This page contains the definitions and illustrations to many of the terms we frequently use in the funeral industry.
A non-metal receptacle or enclosure, without ornamentation or a fixed interior lining, designed for the encasement of human remains and made of cardboard, pressed wood, composition material, pouches of canvas or other material.
To leave in a sad and lonely state, as in death.
A metal alloy consisting of 90% copper with tin and sometimes zinc comprising the remaining 10%.
A container, usually constructed of wood, metal or fiberglass, designed to hold human remains; a case, or receptacle in which human remains are placed for protection, practical utility, and a suitable memory picture; any box or container of one or more parts in which a dead human body is placed prior to interment, entombment or cremation which may or may not be permanently interred, entombed or cremated with the dead human remains.
An area of ground set aside and dedicated for final disposition of the deceased.
The "Holy Society" responsible for the care of the body from the time of death until the burial.
When the casket is not open for the public to view the deceased.
A structure, room or other space in a mausoleum or other building containing niches or recesses, used to hold cremated remains.
one who publicly undertakes to transport from place to place for a stated compensation, the property of any person who may request his services up to the capacity of his facilities.
A public officer whose chief duty is to investigate death when the question of accident, suicide or homicide may be evident or where there was no doctor in attendance. Also to hold inquests and affix blame and responsibility.
The bone fragments that are commonly referred to as ashes, which are left after cremation.
The reduction of a dead human body to inorganic bone fragments by intense heat in a specifically designed retort or chamber.
A furnace or establishment for the incineration of corpses.
The immediate burial of a body without any type of funeral service.
The immediate cremation of a body without any type of funeral service.
A memorial prayer, asking G-d for compassion for the soul of the deceased.
A process of chemically treating the dead human body to reduce the presence and growth of microorganisms, to retard organic decomposition and to restore an acceptable physical appearance.
A ceremony or group of ceremonies held in connection with the burial or cremation of a dead person.
An individual licensed by a state or states to prepare dead human remains, other than by embalming, for interment or other means of disposition; the person who conducts funeral services and counsels with survivors.
A building used for the purpose of embalming, conducting funeral and supplying funeral merchandise.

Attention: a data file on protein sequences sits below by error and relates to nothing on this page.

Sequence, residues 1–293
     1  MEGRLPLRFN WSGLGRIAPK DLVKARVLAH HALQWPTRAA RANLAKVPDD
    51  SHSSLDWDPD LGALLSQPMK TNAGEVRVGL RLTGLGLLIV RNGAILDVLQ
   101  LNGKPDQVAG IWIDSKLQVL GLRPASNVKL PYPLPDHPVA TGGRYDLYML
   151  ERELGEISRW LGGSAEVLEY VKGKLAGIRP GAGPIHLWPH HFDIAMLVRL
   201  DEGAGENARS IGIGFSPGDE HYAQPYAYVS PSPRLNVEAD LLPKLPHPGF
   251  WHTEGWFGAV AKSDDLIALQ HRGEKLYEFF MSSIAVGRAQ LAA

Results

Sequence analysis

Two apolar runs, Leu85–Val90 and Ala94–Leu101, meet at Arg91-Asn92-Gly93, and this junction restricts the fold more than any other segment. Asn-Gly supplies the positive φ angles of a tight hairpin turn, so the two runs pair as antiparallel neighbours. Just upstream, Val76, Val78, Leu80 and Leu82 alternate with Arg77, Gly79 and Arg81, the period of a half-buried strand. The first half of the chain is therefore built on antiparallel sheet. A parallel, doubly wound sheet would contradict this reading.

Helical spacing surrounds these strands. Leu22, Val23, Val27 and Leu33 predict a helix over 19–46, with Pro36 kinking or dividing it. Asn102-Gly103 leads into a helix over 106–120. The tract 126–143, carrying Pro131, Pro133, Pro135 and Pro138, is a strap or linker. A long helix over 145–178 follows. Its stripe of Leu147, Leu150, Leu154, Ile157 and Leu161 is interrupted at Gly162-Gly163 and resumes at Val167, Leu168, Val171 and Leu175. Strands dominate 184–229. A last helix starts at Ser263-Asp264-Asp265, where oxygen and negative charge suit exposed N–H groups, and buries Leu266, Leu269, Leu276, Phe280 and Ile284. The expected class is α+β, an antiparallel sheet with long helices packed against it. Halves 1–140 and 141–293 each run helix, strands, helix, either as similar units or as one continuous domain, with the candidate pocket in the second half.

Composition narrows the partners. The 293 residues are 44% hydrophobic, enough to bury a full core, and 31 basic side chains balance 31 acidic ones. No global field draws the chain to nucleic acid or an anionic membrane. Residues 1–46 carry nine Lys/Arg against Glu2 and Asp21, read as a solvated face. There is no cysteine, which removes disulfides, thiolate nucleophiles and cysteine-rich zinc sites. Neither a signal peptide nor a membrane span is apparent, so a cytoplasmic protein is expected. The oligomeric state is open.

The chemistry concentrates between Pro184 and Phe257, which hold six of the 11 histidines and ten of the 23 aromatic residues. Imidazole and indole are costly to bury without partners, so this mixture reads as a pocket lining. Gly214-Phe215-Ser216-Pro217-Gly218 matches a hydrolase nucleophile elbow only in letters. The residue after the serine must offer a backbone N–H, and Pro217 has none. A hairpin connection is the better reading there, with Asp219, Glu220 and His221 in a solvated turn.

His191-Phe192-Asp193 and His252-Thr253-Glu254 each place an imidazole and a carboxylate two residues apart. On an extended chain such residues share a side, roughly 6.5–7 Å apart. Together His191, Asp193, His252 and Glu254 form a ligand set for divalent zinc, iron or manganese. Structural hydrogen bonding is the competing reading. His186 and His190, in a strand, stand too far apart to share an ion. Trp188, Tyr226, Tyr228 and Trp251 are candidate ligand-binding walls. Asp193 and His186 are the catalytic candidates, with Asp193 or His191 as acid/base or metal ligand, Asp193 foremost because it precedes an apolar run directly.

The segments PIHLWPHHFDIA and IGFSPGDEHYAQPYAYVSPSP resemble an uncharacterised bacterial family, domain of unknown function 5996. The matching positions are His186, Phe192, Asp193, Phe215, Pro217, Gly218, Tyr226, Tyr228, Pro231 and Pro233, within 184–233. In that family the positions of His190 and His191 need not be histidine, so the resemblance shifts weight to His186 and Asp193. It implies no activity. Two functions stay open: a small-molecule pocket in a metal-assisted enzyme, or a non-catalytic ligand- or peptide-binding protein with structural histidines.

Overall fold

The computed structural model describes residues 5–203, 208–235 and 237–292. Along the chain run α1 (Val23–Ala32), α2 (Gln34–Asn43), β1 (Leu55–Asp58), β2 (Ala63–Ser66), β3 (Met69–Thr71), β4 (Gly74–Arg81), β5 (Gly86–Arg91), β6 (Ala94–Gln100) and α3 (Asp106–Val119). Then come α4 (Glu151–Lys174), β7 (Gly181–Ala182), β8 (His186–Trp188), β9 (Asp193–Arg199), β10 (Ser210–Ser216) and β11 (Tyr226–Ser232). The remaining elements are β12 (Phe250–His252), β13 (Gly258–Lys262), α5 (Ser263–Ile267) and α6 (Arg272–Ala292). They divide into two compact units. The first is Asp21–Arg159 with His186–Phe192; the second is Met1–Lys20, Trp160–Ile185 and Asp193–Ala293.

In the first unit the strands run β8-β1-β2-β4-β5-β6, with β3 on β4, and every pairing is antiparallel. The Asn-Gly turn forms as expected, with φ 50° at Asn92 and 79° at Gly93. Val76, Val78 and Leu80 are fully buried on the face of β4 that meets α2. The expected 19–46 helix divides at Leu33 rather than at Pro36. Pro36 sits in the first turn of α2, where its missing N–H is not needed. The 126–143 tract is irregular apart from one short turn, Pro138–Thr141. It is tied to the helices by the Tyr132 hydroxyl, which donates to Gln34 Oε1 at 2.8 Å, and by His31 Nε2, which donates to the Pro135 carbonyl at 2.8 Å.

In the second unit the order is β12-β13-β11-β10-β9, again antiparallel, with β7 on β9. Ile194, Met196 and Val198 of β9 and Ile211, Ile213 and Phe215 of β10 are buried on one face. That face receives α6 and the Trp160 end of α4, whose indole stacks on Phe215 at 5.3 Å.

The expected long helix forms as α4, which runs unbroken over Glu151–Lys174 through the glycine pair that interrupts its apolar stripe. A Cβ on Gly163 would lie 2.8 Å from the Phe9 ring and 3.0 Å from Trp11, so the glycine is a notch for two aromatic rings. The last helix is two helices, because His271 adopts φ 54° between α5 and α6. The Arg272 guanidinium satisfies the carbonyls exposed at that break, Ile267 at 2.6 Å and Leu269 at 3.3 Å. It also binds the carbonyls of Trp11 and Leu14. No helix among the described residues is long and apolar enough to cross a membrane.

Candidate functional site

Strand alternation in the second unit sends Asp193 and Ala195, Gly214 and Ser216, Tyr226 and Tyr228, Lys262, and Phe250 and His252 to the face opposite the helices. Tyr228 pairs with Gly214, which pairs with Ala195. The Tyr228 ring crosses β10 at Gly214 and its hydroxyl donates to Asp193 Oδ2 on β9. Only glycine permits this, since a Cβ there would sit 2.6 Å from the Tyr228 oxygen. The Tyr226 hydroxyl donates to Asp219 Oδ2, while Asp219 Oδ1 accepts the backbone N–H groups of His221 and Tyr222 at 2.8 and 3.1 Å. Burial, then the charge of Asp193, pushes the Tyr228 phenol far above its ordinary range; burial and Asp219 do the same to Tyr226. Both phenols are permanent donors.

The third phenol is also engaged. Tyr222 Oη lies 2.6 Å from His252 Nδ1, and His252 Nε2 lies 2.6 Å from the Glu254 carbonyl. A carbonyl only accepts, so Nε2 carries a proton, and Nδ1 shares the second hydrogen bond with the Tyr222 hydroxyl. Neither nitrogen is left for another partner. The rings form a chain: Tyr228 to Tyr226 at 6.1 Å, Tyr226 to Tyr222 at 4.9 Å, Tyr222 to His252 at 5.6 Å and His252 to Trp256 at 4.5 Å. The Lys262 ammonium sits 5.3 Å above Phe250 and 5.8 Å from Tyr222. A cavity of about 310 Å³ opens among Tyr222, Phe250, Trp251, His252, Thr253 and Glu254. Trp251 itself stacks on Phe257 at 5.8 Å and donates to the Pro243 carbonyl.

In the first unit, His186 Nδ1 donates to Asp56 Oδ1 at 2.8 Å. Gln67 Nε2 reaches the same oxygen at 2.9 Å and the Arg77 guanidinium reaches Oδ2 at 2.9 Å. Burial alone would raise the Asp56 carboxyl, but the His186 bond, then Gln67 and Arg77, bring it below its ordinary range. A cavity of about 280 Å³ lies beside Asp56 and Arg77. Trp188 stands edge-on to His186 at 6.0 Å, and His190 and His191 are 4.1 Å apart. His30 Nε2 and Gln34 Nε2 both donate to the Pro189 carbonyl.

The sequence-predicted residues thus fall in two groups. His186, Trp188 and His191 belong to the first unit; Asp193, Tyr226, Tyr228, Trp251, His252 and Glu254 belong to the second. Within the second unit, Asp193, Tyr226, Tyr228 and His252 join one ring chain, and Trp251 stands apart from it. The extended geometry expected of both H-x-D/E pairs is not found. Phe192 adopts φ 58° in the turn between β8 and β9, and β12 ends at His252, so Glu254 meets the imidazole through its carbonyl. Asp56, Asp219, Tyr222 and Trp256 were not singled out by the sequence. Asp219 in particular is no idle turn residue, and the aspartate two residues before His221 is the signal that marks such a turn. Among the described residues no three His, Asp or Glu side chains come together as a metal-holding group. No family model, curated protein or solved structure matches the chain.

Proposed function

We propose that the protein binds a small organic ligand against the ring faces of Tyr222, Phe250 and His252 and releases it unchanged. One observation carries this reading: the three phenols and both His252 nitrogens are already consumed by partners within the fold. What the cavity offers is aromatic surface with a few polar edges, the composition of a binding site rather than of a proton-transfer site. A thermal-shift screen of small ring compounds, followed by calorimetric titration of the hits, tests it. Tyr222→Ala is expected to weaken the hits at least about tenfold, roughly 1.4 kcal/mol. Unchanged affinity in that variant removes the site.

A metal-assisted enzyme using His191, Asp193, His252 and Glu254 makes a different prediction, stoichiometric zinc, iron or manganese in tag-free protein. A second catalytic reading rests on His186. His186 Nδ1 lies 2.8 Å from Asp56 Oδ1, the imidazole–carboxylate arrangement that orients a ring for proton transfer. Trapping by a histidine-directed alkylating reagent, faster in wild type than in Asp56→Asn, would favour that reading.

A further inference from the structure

Price List -
The GPL lists all the goods and services the funeral home offers, along with the price of each. The Federal Trade Commission's Funeral Rule
compels funeral homes to give customers a GPL at the beginning of any discussion of arrangements.
An outer enclosure, in which the casket is placed, which offers protection from the earth load, after burial, but without sealing qualities.
an unsolicited gift, usually an honorary payment for professional services to a clergy member.
A prayer recited for the deceased, up to a year following the burial, on the anniversary of the death, and at some memorial services. This prayer is said for members of one's immediate family. A minyan is required for Kaddish.
The ritual of tearing a garment or ribbon upon hearing of the death of a close relative.
A recess or space in a columbarium used for the permanent placing of cremated remains.
The star of David, literally, the shield of David.
The first full meal eaten by mourners after returning from the funeral, which is prepared by neighbors. Psychologically, it is of great help in assuaging grief and helping in the process of recovery from a painful loss. The meal typically includes round items as symbols of eternal life. Round rolls, bagels or eggs are symbolic of the cyclical, eternal and continuous nature of life.
A funeral service conducted in memory of the deceased without the remains being present.
Traditionally, a group of ten men whose attendance is required to recited specific prayers. Today, in more egalitarian communities, women are counted in the minyan.
Commandment or obligation of Jewish living; a good deed.
The orderly movement of cars following a hearse from the location of a funeral to the cemetery.
The moving of the dead human body from the place of death to the funeral home or other designated place.
To throw here and there; sprinkle.
The Seventh day, the day of rest, commemorating G-d's day of rest after creating the world and all its creatures. "Remember Shabbat" is the fourth of the Ten Commandments.
Seven days of mourning period immediately following burial; Sephardic Jews refer to this period as Siete, which, like the word Shiva, literally means "seven".
Ritual purification or cleaning of a dead body.
A funeral service involving a casket, a visitation with the body present, a type of service and disposition of the body.
A container for cremated remains; a vase of varying size and shape, usually having a footed base or pedestal.
An outer enclosure, in which the casket is placed, which offers protection from the earth load, after burial, as well as possessing sealing qualities.
The visiting of the friends and relatives to the residence and/or funeral home to pay respects to the deceased prior to or after the funeral service.
Yiddish word for the anniversary of the death. The comparable Sephardic term is Anos.
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